Sources: Dan Hawkes, Carl Steefel
In a report published earlier this year (February 2015) by the DOE Office of Science, covering a workshop convened this past year, ESD’s Carl Steefel, Eoin Brodie, and Charlie Koven, among others, collectively sought ways of applying new scientific computing capabilities to studies of Earth’s subsurface. One of the results of this workshop (and others) was Interoperable Design of Extreme-Scale Application Software (IDEAS), a recently initiated project co-funded by the Advanced Scientific Computing Research (ASCR) program and Office of Biological and Environmental Research (BER) within the Office of Science.
This project will proceed in concert with, and support, a number of flagship programs within BER, including ESD’s SFA 2.0 Genomes-to-Watershed, Next Generation Ecosystem Experiment (NGEE)-Arctic and NGEE-Tropics programs. These programs have the goal of developing a predictive understanding of the complex ecosystems under study in each of those programs. To achieve the desired level of predictive understanding, a new generation of multiscale, multiphysics models is needed for terrestrial systems—models that incorporate process couplings and feedbacks between various “pools” (i.e., vegetation, soils, subsurface aquifers, and surface waters) across wide ranges of spatial and temporal scales.
This is a formidable task. Terrestrial systems are inherently multiscale, involve more processes than traditional multiphysics applications, and have significant uncertainty in process representation and coupling at different scales. Moreover, the scientific software community is facing the confluence of disruptive changes in computing architectures and new opportunities for greatly improved simulation capabilities. New architectures, while demanding fundamental algorithm and software refactoring, are at the same time enabling new multiscale and multiphysics modeling, simulation, and analysis.
Both Genomes-to-Watershed and NGEE projects seek to take advantage of these new scientific software capabilities by incorporating IDEAS. IDEAS pursues the development and demonstration of new approaches for producing, using, and supporting scientific software. It will establish methodologies and tools that facilitate delivery of software as reusable, interoperable components. Software lifecycle models will be developed that are both flexible and rigorous.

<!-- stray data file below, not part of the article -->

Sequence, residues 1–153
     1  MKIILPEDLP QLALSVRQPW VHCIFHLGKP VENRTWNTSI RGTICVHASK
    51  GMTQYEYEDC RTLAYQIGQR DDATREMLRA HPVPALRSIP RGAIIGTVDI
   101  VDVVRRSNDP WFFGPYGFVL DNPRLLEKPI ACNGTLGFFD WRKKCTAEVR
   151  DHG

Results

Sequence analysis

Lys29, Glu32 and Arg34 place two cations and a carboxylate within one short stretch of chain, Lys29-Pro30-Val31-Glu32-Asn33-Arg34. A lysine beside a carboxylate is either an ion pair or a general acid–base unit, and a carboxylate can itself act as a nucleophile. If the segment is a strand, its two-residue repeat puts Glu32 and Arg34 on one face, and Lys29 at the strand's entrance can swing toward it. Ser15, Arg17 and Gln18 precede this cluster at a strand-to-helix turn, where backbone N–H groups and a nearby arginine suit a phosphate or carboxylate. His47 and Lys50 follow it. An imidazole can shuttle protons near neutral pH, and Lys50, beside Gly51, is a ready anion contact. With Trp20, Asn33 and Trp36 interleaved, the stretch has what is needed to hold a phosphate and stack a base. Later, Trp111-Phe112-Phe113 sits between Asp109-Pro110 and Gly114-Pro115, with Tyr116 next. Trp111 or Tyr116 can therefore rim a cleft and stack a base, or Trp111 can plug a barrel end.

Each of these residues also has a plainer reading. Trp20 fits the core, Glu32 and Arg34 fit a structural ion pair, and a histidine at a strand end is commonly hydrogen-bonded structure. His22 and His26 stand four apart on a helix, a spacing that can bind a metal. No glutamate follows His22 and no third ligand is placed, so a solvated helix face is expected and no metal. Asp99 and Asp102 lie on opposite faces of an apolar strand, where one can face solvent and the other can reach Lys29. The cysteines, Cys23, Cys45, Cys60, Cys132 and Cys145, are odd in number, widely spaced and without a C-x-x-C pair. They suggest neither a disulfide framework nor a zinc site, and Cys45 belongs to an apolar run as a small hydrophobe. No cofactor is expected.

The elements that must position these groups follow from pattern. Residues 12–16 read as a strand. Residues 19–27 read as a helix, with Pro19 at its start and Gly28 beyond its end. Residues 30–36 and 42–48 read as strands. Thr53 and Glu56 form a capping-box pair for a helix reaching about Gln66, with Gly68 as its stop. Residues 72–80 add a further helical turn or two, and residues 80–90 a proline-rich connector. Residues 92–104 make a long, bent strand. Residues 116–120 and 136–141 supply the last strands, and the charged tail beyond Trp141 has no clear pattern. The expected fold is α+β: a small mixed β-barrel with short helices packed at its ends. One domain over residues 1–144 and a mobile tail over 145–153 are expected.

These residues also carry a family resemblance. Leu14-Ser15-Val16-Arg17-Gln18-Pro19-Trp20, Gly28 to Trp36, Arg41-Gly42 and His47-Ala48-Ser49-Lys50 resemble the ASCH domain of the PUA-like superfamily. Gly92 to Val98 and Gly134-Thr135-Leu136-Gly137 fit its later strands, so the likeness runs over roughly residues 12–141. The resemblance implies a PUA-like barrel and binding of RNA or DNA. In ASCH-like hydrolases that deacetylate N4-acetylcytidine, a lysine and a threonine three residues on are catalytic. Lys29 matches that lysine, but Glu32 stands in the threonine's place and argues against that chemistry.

Specifically for the Genomes-to-Watershed Project, Phase I of which is an intensive study of the Colorado River watershed near Rifle, Colorado, IDEAS will provide fundamental simulation of biogeochemical cycling within the East River Watershed. The objective of this work, over the next three years, will be a better understanding of aquifer redox status and climate impacts on watershed carbon and nitrogen cycling—through higher fidelity, multiscale models simulated at high spatial resolution.
Specifically for NGEE-Arctic, IDEAS will provide the foundation for multiscale, multiphysics simulations of warming tundra in the Barrow, Alaska, region. The objective of this work, over the next three years, will be to determine (through high-resolution simulation of domains extending over 10 km) how dynamic microtopography caused by thawing permafrost alters the hydrologic and carbon cycles of Arctic lowland tundra.
With IDEAS, BER envisions a software ecosystem of interoperable components to increase both software development and scientific productivity across its portfolio of projects that depend on modeling.
To read more about IDEAS, view the pdf here
To access the report on the DOE workshop that spawned IDEAS, Building Virtual Ecosystems: Computational Challenges for Mechanistic Modeling of Terrestrial Environments, go here: http://doesbr.org/BuildingVirtualEcosystems/
U.S. DOE (including C.I. Steefel, E.L. Brodie, and C.D. Koven) (2015), Building Virtual Ecosystems: Computational Challenges for Mechanistic Modeling of Terrestrial Environments: Workshop Report. DOE/SC-0171. U.S. Department of Energy Office of Science.